Paralympic Movement Had Best Year Yet in 2012, Says IPC President

 

Sir Philip Craven, President of the International Paralympic Committee (IPC), said that 2012 was the “greatest year yet” for the Paralympic Movement following the launch of its annual report Wednesday. The historical year, outlined in the 48-page review, saw a record-breaking 4,237 athletes from 164 countries taking part in London 2012 – what Sir Philip declared as “the best Paralympic Games ever.”

International Paralympic Committee President Sir Philip Craven in the Olympic Stadium at the London 2012 Paralympics

Last summer’s Games also drew in 2.78 million spectators and 3.8 billion cumulative television viewers in more than 115 countries helping to spread the message of the Paralympic Movement across the globe.

Social media also played a big role in this, evidenced by a global report by Twitter that revealed #paralympics topped the table for the most trending United Kingdom sport event of 2012, ahead of #olympics and many British football clubs.

“In my opinion, 2012 was the greatest year yet for the Paralympic Movement with London 2012 propelling Paralympic sport into the mainstream and new audiences engaging in a new generation of household-name athletes,” Sir Philip said.  “It was a year like no other, and, after taking so many steps forward, the key now is not to take a step back in 2013.”

As well as London 2012, one of the biggest milestones of last year was the signing of an IPC cooperation agreement with the International Olympic Committee (IOC) that means the 2018 and 2020 Paralympic Games will be held in the same city as the Olympic Games – Pyeongchang will stage the 2018 Winter Games, while the 2020 summer host city will be elected on September 7.

The report shows that the IPC remains a financially stable organization with revenue rising by almost $3.8 million to $13.2 million although expenditure also increased owing largely to a rise in “specific project expenditure” to leave a surplus of $5,729.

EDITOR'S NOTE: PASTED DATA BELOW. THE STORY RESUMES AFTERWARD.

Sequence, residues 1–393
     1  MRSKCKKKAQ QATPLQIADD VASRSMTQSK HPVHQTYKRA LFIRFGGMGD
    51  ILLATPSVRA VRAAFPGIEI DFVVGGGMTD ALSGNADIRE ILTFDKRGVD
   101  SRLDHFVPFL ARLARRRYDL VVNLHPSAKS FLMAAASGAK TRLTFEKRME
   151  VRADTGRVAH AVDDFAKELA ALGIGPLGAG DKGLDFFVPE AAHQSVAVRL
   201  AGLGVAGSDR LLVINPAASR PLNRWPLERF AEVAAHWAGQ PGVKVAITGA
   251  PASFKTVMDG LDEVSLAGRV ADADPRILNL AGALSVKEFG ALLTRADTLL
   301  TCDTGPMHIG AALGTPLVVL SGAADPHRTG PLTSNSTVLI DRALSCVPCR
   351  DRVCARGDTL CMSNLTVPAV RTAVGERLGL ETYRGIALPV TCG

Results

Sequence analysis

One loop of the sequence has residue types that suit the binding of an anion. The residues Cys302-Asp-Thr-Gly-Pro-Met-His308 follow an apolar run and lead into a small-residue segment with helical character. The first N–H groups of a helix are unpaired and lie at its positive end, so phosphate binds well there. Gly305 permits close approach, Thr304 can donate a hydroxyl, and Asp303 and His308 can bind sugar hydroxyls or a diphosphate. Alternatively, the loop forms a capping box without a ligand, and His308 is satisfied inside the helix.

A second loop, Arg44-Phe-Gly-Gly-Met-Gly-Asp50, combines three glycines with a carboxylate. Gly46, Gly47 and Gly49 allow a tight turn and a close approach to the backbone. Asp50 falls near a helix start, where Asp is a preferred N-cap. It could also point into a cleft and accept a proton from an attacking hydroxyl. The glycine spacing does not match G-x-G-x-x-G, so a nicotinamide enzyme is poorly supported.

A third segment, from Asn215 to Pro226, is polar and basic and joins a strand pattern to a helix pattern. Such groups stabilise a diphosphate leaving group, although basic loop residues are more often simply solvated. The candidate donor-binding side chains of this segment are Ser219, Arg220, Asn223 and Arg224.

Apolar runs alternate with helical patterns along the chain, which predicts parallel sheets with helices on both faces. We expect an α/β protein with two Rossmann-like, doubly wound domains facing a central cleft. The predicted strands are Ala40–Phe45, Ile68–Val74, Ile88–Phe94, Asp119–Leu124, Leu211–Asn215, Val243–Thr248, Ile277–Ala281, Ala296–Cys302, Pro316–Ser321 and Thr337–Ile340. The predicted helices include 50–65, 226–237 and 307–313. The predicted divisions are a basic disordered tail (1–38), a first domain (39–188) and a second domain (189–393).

Last year also saw advances achieved in classification, anti-doping, medical procedures, as well as the launch of the IPC Agitos Foundation and a new-look website, designed by its worldwide IT partner Atos, according to the annual report.

Much planning for the Sochi 2014 and Rio 2016 Games was also carried out.

“It is important that all these events help us build on the Paralympic Movement’s most successful year ever,” Sir Philip said. “We must all continue to enjoy working together to progress and develop our Movement for the benefit of all.”

Sebastian Coe, the former chairman of London 2012, welcomed the report and admitted he was relieved that they had managed to live up to expectations fueled by the fact the Paralympics was coming home, having owed its roots to Stoke Mandeville.

“It’s fantastic news,” Coe said. “There was pressure on us to deliver the best Paralympic Games ever: we had the history, it was our history, our athletes. “We had a head start on any other nation that has tried this. The Paralympians’ performance was sensational. I don’t think people were surprised about the success of the Olympic Games but, if there was a surprise factor for people, it was the Paralympics. I don’t think people expected to see what they saw. They were genuinely bowled over.”

To read the full Annual Report 2012 click here.

Inside the Games is an online blog of the London Organizing Committee that staged the 2012 London Games. The blog continues to cover issues that are important to the Olympic Movement. This article is reprinted here with permission of the blog editors.

 

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